By Tony Barthel
If you’re in the need of an RV that can tow, a Super C motorhome such as the 2021 NeXus Ghost Super C is a good choice. Super C RVs are based on large commercial truck chassis but tend not to be quite as large as many Class A motorhomes. They generally feature substantial diesel engines and systems where towing isn’t going to destroy them as it might with some lesser Class C RVs.
With this in mind, I took a look at a new RV from a company that builds super Super C RVs, NeXus. Co-founders Claude Donati and Dave Middleton of NeXus RV produce their RVs in Elkhart, Indiana.
How they’re built
I see a lot of RVs and hear and read a lot of claims about how differently Brand X’s RV is from Brand Y. Sometimes there’s truth behind those claims, but not always.
NeXus really does build their RVs differently.
Most smooth-sided RVs are built with a welded aluminum frame around which is closed-cell foam for insulation. The outer layer is often fiberglass and then a substrate, usually Luan. Then is either the aluminum stud or the insulation. Then inside is another layer of Luan and finally the inner wallboard. That’s what’s typical.
NeXus uses the same process but, instead of aluminum, they use high-strength low-alloy (HSLA) steel tubing. Instead of the Luan, which is a composite wood-type product, they use Azdel. Azdel is man-made wallboard that is practically impervious to water damage. It also provides better sound and thermal insulation than does Luan. According to NeXus, materials used in this wall structure are 72% stronger than an aluminum-based wall.
The baggage compartments are all galvanized steel boxes with rubber mats at the bottom. Windows are frameless. The tanks and underbellies are all heated and enclosed such that NeXus claims this is a four-season coach.
Oh, and as for towing, this International chassis enables you to tow a stated 20,000 pounds.
Lastly, the company brags about the paint on the exterior as being a Sherwin-Williams RV-specific paint product. The entire exterior is paint, no stickers.
The tour of the NeXus Ghost Super C
The interior tour starts with a “dream dinette” on the camp side just inside the door. NeXus has seen fit to put a large, locking drawer under each seat of the dinette. You know, I don’t think I’ve ever seen locking interior drawers before…
Opposite the dinette is a jackknife sofa that looks pretty comfortable by day.
Above the International cab, you have a choice of either a sleeping area or an entertainment area. However, the couch is on the left and the dinette is on the right, so nobody’s got the best seat in the house for watching that optional TV up there.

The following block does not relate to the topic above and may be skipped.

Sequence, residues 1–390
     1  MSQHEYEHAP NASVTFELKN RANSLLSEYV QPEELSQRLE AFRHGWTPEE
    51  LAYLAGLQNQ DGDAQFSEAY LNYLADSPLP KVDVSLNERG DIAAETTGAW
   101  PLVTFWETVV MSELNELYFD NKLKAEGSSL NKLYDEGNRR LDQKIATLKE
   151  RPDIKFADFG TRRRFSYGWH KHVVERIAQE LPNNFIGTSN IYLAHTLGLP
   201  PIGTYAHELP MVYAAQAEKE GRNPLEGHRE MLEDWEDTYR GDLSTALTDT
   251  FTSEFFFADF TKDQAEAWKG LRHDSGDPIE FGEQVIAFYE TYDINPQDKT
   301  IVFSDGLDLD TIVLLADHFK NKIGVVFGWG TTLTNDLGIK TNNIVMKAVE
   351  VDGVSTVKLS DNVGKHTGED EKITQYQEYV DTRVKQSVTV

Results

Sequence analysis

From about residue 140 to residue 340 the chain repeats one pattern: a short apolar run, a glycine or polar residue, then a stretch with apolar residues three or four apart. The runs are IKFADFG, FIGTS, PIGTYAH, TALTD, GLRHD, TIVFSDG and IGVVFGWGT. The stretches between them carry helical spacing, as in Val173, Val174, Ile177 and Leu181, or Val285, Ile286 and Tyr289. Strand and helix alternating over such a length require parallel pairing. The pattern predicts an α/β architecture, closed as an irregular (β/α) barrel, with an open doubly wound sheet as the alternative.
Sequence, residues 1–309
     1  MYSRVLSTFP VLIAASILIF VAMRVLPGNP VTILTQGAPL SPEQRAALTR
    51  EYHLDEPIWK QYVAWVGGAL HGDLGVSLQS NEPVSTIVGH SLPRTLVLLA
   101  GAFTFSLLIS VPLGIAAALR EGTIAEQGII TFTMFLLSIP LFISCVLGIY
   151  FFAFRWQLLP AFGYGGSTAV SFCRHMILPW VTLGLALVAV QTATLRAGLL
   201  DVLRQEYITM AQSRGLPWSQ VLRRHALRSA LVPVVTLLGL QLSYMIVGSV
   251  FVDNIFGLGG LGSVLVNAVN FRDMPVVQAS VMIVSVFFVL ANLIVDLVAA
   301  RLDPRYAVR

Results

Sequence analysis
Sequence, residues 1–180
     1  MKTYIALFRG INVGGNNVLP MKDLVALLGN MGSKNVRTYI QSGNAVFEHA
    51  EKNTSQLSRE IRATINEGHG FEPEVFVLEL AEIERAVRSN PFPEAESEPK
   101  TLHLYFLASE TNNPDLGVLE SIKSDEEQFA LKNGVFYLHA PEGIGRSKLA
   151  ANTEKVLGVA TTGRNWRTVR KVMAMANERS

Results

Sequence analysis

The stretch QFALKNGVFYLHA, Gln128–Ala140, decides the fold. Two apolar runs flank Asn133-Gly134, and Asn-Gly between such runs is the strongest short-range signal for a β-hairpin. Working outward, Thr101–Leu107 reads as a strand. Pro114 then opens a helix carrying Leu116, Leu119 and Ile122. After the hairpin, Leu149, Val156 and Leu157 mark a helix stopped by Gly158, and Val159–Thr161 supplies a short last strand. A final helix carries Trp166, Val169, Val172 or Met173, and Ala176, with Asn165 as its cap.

Also, while NeXus has replaced the seats in the cab of this vehicle with much more appealing-looking models, that doesn’t change the somewhat industrial feel to the cab. It’s not bad, but it’s not nearly as nice as anything but the most basic pickup. Not that it’s bad – it’s just so incongruous with the rest of the interior.
A bit further back is the galley. I like how they’ve put an electric cooktop here with a large, 30-inch convection microwave above it and drawers below. To the left of that is a very large sink. The kitchen design makes a lot of sense.
I am not sure what type of electric cooktop this is and their marketing materials are non-specific. It is likely an induction cooker, but I contacted them several times by email with no response.
All the drawers and cabinets in the NeXus Ghost Super C are genuine hardwood faces. The drawers feature plywood boxes, while the cabinets all feature hidden hardware. Finding storage for things you’ll need either inside or outside this rig is going to be an easy task. There is plenty of space all over the place. Yes, that was an intentional rhyme.
The bedroom and bathroom of the NeXus Ghost Super C
Further back, the bathroom features a porcelain foot flush toilet and his-and-hers medicine cabinets. That way hubby doesn’t have to look at all the things she brought and wonder what those potions do. I also like the sink bowl in the bathroom that sits on top of the counter and features a glass bowl design. All the countertops in this rig are solid surface countertops.
Across from the bathroom in the NeXus Ghost Super C on the camp side is a big closet that can either be part of the storage you enjoy or can hold a washer/dryer. Nice.
In the bedroom you’ll notice a fancy headboard behind the bed. However, for those who prefer windows, you can flip the headboard up and there’s a window behind it. The bed itself is in a slide room, and there are windows and tables on either side of the bed.